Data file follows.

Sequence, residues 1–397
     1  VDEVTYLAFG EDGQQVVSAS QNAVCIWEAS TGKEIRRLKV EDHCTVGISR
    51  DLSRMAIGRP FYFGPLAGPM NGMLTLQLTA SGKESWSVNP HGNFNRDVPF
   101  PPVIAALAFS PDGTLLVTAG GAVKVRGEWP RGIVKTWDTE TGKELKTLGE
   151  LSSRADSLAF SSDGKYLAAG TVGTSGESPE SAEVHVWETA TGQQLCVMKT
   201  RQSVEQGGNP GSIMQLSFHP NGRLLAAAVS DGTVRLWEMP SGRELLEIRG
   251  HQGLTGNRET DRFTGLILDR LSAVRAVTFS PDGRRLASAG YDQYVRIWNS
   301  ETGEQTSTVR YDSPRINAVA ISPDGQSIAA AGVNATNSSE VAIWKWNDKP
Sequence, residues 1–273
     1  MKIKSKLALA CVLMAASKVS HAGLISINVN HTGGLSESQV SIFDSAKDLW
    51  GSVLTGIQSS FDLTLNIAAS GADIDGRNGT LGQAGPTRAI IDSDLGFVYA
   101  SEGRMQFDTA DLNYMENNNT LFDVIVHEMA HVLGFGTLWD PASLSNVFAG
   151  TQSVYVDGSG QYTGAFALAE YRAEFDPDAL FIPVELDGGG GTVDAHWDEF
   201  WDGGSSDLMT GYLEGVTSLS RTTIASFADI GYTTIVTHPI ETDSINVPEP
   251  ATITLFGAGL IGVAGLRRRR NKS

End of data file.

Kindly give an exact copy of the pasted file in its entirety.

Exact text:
Sequence, residues 1–397
     1  VDEVTYLAFG EDGQQVVSAS QNAVCIWEAS TGKEIRRLKV EDHCTVGISR
    51  DLSRMAIGRP FYFGPLAGPM NGMLTLQLTA SGKESWSVNP HGNFNRDVPF
   101  PPVIAALAFS PDGTLLVTAG GAVKVRGEWP RGIVKTWDTE TGKELKTLGE
   151  LSSRADSLAF SSDGKYLAAG TVGTSGESPE SAEVHVWETA TGQQLCVMKT
   201  RQSVEQGGNP GSIMQLSFHP NGRLLAAAVS DGTVRLWEMP SGRELLEIRG
   251  HQGLTGNRET DRFTGLILDR LSAVRAVTFS PDGRRLASAG YDQYVRIWNS
   301  ETGEQTSTVR YDSPRINAVA ISPDGQSIAA AGVNATNSSE VAIWKWNDKP
Sequence, residues 1–273
     1  MKIKSKLALA CVLMAASKVS HAGLISINVN HTGGLSESQV SIFDSAKDLW
    51  GSVLTGIQSS FDLTLNIAAS GADIDGRNGT LGQAGPTRAI IDSDLGFVYA
   101  SEGRMQFDTA DLNYMENNNT LFDVIVHEMA HVLGFGTLWD PASLSNVFAG
   151  TQSVYVDGSG QYTGAFALAE YRAEFDPDAL FIPVELDGGG GTVDAHWDEF
   201  WDGGSSDLMT GYLEGVTSLS RTTIASFADI GYTTIVTHPI ETDSINVPEP
   251  ATITLFGAGL IGVAGLRRRR NKS